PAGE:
A Bachelor’s in Healthcare Administration qualifies you for jobs in the business side of medical organizations. In other words, in your degree program you will not learn about how to do brain surgery or draw blood, but you will learn how to handle medical records, manage medical and other staff, prepare budgets, insure regulatory compliance, and perform the numerous tasks that make a medical facility run smoothly and help clinical healthcare providers do their jobs more efficiently.
Health Care Administration Settings
Not only is medical care itself delivered in many different settings but also there are many types of organizations that provide healthcare related services. Although people with a Bachelor’s in Healthcare Administration often work in hospitals, doctors’ offices, freestanding clinics, or other medical facilities, these are not the only possible work environments. One might also work for an insurance company, a company that handles or processes medical records, or a government agency. Your skills are even transferable to management in related industries such as medical supply companies or fitness facilities that might have onsite physical therapy or alternative medical practitioners. You might also want to work or volunteer with charities that deliver medical care to refugees or people living in poverty.
Typical Jobs and Tasks in Health Administration
Health care management can be almost as varied and complex as medicine itself. Health care administrators are responsible for ordinary administrative tasks such as ordering supplies, scheduling, staffing, budgeting, record-keeping, producing reports, and information management. In addition to these general tasks, though, they need to work on ones specific to the health care field. One very important task is addressing complex and rapidly changing government regulations. Another important task is working with insurance companies and government agencies to authorize and bill for various services.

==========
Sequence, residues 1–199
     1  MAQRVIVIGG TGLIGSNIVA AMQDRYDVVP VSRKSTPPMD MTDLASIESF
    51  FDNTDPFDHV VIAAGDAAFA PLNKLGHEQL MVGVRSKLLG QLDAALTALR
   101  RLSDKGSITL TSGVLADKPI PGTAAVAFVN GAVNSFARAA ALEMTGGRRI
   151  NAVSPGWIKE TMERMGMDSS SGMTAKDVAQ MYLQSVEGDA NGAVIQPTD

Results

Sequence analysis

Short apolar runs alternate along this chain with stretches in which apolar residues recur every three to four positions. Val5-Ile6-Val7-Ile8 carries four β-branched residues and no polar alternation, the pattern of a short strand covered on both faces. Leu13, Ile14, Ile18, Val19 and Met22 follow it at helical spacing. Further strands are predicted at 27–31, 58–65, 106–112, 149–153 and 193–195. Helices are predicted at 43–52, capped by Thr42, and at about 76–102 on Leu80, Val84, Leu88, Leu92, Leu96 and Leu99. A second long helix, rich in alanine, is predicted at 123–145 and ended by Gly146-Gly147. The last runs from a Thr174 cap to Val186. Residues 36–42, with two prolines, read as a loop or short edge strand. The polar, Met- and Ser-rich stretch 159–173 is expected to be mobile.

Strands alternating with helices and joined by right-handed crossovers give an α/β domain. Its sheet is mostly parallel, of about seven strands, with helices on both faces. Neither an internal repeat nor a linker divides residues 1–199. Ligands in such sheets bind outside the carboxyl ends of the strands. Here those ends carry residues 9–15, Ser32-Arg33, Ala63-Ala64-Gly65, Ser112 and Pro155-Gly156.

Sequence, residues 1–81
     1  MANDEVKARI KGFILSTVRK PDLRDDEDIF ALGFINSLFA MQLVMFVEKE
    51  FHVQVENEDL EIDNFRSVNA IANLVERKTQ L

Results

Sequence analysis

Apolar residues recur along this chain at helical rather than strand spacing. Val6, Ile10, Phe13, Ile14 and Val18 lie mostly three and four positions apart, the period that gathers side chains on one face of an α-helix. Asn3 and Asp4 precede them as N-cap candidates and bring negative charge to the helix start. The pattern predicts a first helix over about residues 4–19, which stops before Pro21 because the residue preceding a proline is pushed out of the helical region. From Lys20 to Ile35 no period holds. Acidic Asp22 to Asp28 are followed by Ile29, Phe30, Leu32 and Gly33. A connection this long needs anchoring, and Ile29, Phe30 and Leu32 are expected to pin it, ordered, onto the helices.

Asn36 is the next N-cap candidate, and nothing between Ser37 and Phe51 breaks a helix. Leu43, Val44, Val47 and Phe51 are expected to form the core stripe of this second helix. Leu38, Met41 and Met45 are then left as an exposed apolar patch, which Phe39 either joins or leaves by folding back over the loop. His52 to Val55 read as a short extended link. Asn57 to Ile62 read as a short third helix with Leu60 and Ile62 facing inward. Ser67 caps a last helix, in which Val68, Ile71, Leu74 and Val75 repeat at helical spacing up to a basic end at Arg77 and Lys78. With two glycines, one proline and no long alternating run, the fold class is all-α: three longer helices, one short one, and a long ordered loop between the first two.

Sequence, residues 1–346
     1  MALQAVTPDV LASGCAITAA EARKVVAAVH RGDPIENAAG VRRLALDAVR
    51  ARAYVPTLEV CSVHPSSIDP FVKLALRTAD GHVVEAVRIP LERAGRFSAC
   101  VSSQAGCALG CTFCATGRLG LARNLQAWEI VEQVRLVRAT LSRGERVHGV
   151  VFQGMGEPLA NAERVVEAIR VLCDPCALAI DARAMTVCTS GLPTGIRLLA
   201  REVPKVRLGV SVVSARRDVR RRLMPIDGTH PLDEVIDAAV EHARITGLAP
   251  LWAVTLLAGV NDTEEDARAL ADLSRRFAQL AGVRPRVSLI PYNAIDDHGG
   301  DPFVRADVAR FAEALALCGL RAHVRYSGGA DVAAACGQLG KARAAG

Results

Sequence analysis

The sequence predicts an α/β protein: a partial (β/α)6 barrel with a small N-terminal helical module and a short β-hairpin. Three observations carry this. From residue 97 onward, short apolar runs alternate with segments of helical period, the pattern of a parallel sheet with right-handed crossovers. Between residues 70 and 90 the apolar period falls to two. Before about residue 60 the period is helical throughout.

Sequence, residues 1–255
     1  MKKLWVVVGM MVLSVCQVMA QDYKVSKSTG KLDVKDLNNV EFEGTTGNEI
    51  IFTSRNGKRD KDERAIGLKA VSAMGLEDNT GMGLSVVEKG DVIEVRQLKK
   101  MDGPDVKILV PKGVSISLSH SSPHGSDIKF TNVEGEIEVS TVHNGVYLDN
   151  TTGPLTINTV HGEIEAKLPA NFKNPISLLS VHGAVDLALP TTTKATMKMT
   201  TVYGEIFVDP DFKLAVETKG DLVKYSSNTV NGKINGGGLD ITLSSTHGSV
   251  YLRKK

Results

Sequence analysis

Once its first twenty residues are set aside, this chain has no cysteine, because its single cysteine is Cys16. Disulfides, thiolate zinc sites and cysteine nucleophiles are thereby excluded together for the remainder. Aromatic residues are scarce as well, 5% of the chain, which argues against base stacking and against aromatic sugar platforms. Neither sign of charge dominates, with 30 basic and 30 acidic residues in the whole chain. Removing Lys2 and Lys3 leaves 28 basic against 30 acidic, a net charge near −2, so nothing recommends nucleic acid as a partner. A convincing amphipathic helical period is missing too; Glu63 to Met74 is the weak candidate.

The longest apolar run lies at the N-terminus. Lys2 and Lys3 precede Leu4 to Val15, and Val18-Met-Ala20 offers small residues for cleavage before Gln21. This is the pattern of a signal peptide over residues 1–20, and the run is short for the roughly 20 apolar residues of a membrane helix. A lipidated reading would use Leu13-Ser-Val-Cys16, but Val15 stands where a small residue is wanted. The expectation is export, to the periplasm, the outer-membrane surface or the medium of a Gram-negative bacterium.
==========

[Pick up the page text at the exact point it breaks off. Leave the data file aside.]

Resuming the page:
Health Management Specializations
During one’s Bachelor’s degree one can choose to specialize in specific areas such as long-term care, health information, or clinical management. Some of these require additional credentials or specialized course work. For example, if you have focused on long-term care, you might work in a residential care or rehabilitation facility, but to work in a nursing home you will need a license in addition to your degree. Clinical managers such as directors of nursing or medical directors need clinical degrees as well as administrative skills and training. Another increasingly important type of specialization is health information, a specialization that combines health administration with information technology. Recent graduates in any of these areas often work as assistant administrators as they gain the skills and experience needed to take on greater responsibilities.
Conclusion: Employment Outlook
According to the Bureau of Labor Statistics, the employment outlook for people with a Bachelor’s in Healthcare Administration is significantly better than average,
with a projected increase in demand of 17 percent over the next decade. The median pay for medical and health service managers in 2014 was $94,500 per year or $45.43 per hour. Given the positive job outlook, higher-than-average median pay, and variety of positions available to people with degrees in this field, an undergraduate degree in the health administration is a solid investment for your future.
Related Resource: Top 10 Online Colleges for Healthcare Administration